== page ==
Model projections on the impact of HCV treatment in the prevention of HCV transmission among people who inject drugs in Europe

Hannah Fraser, Natasha Martin, Henrikki Brummer-Korvenkontio, Patrizia Carrieri, Olav Dalgard, John Dillon, David Goldberg, Sharon Hutchinson, Marie Jauffret-Roustide, Martin Kaberg, Amy Matser, Mojca Matičič, Håvard Midgard, Viktor Mravčík, Anne Øvrehus, Maria Prins, Jens Reimer, Geert Robaeys, Bernd Schulte, Daniela van SantenRuth Zimmermann, Peter Vickerman, Matthew Hickman

Research output: Contribution to journalArticle (Academic Journal)peer-review

70 Citations (Scopus)
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Background: Prevention of hepatitis C virus (HCV) transmission among people who inject drugs (PWID) is critical to eliminating HCV in Europe. We estimate impact of current and scaled-up HCV treatment with and without scaling-up opioid substitution therapy (OST) and needle and syringe programmes (NSP) across Europe over the next 10 years.

Methods: We collected data on PWID HCV treatment rates, PWID prevalence, HCV prevalence, OST and NSP coverage from 11 European settings. We parameterized a HCV transmission model to setting-specific data that projects chronic HCV prevalence and incidence among PWID.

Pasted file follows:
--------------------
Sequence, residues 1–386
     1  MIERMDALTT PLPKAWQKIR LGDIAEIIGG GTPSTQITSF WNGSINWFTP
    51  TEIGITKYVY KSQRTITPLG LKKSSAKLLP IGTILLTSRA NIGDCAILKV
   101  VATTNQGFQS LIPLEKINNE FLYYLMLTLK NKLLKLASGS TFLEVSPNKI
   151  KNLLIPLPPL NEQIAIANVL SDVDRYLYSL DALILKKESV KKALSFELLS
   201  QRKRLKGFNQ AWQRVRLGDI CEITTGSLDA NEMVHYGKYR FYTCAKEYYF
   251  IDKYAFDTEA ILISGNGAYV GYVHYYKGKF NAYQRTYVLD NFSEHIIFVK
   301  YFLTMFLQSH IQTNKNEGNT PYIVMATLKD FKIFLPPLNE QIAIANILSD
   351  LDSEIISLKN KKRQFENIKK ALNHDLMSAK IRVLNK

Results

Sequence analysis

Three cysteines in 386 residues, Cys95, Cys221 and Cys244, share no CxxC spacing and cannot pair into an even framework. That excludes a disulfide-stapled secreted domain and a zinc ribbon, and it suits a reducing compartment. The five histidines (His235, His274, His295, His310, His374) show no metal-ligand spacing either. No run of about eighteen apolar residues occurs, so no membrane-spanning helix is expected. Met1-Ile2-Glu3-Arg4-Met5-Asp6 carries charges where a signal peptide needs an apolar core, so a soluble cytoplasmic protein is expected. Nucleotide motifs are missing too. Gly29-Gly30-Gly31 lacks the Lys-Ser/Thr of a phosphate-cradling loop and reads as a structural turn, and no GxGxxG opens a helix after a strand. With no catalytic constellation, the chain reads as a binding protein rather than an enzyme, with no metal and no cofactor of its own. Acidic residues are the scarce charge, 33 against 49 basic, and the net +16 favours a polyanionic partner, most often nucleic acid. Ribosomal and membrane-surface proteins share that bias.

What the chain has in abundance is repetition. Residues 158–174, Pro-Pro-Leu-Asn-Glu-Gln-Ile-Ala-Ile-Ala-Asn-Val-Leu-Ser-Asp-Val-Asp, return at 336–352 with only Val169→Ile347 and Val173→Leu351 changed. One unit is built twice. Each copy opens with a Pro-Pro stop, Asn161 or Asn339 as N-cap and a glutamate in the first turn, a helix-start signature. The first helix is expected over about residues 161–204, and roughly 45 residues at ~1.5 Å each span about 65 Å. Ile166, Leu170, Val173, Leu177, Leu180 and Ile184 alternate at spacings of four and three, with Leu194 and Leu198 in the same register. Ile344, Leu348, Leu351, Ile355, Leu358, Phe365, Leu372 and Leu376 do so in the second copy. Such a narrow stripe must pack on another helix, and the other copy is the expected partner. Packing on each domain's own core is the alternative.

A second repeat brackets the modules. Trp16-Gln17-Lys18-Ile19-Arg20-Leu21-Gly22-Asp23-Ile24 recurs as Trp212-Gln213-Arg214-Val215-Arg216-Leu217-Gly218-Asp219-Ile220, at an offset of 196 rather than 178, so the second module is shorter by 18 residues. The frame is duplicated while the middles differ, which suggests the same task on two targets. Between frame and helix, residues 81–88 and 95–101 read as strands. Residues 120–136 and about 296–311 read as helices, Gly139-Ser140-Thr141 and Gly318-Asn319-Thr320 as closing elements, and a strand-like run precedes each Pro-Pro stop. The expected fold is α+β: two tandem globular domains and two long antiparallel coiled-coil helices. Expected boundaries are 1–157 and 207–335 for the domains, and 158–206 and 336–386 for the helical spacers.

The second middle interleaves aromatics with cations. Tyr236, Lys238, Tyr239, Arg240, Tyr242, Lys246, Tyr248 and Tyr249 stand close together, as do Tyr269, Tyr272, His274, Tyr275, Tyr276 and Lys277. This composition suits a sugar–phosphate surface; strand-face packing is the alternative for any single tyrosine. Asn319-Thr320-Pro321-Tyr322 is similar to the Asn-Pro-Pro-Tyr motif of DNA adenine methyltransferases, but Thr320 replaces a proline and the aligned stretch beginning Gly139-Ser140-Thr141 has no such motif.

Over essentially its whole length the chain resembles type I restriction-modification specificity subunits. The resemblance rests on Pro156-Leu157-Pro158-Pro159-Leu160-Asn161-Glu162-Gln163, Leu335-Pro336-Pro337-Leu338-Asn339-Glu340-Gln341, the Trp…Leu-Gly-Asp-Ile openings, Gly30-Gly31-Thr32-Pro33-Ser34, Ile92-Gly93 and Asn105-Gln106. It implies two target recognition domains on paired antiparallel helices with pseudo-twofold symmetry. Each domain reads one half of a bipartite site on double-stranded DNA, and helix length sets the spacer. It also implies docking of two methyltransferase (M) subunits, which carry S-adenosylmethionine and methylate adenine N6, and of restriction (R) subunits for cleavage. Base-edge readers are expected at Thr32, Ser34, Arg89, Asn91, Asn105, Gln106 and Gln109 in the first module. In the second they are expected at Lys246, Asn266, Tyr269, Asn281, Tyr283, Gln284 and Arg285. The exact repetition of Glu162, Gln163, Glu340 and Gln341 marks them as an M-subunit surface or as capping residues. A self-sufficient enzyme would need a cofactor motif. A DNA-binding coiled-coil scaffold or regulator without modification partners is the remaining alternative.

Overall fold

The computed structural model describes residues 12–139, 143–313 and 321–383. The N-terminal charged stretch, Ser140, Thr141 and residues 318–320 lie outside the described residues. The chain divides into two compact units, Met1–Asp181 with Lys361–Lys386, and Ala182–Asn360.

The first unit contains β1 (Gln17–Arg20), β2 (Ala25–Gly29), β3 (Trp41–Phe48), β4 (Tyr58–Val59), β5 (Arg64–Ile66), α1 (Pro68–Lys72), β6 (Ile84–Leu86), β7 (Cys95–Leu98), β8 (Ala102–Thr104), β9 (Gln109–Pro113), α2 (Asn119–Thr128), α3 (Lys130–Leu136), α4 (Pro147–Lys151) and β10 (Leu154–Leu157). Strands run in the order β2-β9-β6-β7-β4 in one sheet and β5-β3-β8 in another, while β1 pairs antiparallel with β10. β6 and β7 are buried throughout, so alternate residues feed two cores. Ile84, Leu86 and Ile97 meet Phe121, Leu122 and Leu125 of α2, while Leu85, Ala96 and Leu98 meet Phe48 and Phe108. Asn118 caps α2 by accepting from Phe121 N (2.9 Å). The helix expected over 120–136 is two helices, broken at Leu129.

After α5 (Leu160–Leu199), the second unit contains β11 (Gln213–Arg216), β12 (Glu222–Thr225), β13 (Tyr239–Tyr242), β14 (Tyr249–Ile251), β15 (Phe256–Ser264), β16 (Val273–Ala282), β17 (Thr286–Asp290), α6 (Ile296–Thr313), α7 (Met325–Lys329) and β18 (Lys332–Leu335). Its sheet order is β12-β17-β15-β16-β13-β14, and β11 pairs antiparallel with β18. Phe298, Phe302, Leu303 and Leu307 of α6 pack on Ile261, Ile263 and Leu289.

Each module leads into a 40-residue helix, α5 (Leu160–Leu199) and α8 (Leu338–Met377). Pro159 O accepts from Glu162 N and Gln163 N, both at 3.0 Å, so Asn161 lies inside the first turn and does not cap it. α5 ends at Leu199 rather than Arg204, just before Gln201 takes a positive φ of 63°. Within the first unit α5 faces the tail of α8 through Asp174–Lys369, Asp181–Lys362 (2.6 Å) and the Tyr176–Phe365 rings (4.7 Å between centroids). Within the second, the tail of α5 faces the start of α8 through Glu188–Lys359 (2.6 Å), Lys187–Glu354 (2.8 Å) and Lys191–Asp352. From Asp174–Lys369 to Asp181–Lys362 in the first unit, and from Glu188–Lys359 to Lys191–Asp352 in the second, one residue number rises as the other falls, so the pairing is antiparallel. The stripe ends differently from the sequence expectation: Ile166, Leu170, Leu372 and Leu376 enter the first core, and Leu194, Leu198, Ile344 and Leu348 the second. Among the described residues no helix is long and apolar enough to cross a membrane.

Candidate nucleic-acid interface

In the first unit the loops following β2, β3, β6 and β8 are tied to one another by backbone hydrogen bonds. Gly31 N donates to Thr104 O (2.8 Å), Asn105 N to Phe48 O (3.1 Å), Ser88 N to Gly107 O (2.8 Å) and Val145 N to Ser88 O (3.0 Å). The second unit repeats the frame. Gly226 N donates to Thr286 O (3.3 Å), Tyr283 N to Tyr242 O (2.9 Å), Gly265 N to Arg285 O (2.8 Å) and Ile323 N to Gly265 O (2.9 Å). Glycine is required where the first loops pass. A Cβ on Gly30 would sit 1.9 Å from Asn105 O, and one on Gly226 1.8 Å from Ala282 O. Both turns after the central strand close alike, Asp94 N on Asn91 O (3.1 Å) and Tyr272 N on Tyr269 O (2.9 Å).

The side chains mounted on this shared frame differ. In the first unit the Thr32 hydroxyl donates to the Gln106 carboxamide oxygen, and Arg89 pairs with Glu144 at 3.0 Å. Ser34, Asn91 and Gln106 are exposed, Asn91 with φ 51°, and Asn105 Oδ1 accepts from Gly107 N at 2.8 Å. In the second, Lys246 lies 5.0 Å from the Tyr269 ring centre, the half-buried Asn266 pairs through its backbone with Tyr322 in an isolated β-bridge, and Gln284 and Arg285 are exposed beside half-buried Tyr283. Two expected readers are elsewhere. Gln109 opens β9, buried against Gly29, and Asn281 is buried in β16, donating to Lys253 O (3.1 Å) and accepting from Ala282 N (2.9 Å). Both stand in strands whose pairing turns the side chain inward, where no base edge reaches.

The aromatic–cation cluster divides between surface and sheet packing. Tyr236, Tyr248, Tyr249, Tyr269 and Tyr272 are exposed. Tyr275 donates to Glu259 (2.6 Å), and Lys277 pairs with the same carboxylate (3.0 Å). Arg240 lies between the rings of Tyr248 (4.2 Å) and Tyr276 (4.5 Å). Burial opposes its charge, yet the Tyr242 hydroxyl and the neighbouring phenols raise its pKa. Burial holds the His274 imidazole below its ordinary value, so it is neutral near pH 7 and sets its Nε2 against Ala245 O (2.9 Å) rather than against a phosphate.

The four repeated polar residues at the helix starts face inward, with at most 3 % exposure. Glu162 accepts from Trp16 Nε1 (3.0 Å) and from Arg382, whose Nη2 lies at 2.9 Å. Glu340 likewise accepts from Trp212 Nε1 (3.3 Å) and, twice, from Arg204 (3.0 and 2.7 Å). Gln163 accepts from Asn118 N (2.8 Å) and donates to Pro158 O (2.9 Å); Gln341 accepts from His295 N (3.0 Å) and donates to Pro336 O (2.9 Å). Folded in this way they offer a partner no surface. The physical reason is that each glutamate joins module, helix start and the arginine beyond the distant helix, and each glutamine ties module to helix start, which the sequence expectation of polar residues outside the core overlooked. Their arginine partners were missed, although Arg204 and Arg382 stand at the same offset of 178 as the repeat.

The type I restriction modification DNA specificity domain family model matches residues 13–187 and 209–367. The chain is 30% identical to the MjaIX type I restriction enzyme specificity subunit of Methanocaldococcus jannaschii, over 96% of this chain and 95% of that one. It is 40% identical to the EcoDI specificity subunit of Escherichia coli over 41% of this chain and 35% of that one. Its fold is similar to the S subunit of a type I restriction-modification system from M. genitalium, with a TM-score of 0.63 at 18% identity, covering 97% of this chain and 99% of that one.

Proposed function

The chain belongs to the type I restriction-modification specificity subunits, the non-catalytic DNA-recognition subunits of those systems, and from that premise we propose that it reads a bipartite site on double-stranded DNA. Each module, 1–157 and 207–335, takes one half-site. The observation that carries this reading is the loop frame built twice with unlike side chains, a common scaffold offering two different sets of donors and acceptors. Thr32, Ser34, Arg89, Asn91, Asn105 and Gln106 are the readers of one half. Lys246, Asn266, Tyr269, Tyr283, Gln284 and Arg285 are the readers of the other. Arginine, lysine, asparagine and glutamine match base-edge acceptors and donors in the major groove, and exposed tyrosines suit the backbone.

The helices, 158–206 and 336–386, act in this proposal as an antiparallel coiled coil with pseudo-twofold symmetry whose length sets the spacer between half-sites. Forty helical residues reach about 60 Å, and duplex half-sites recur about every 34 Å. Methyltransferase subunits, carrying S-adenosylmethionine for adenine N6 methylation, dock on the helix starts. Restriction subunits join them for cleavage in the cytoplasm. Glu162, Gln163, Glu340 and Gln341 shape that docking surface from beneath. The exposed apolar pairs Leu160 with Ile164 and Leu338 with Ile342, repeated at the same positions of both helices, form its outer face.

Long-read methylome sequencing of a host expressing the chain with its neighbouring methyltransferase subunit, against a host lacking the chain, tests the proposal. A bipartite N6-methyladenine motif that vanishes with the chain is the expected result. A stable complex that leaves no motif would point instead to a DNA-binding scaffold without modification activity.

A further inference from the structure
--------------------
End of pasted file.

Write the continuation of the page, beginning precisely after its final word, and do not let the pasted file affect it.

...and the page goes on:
Results: At baseline, chronic HCV prevalence varied from <25% (Slovenia/Czech Republic) to >55% (Finland/Sweden), and <2% (Amsterdam/Hamburg/Norway/Denmark/Sweden) to 5% (Slovenia/Czech Republic) of chronically infected PWID were treated annually. Current treatment rates using new direct acting antivirals (DAAs) may achieve observable reductions in chronic prevalence (38-63%) in 10 years in Czech Republic, Slovenia and Amsterdam. Doubling HCV-treatment rates will reduce prevalence in other sites (12-24%, Belgium/Denmark/Hamburg/Norway/Scotland) but is unlikely to reduce prevalence in Sweden and Finland. Scaling-up OST and NSP to 80% coverage with current treatment rates using DAAs could achieve observable reductions in HCV prevalence (18-79%) in all sites. Using DAAs, Slovenia and Amsterdam are projected to reduce incidence to 2 per 100pyrs or less in 10 years. Moderate to substantial increases in current treatment rates are required to achieve the same impact elsewhere, from 1.4-3 times (Czech Republic/France), 5-17 times (France/Scotland/Hamburg/Norway/Denmark/Belgium/Sweden), to 200 times (Finland). Scaling-up OST and NSP coverage to 80% in all sites reduces treatment scale-up needed by 20-80%.

Conclusions: Scale-up of HCV treatment and other interventions is needed in most settings to minimise HCV transmission among PWID in Europe.
Original languageEnglish
Pages (from-to)402-411
JournalJournal of Hepatology
Issue number3
Early online date25 Oct 2017
Publication statusPublished - 1 Mar 2018


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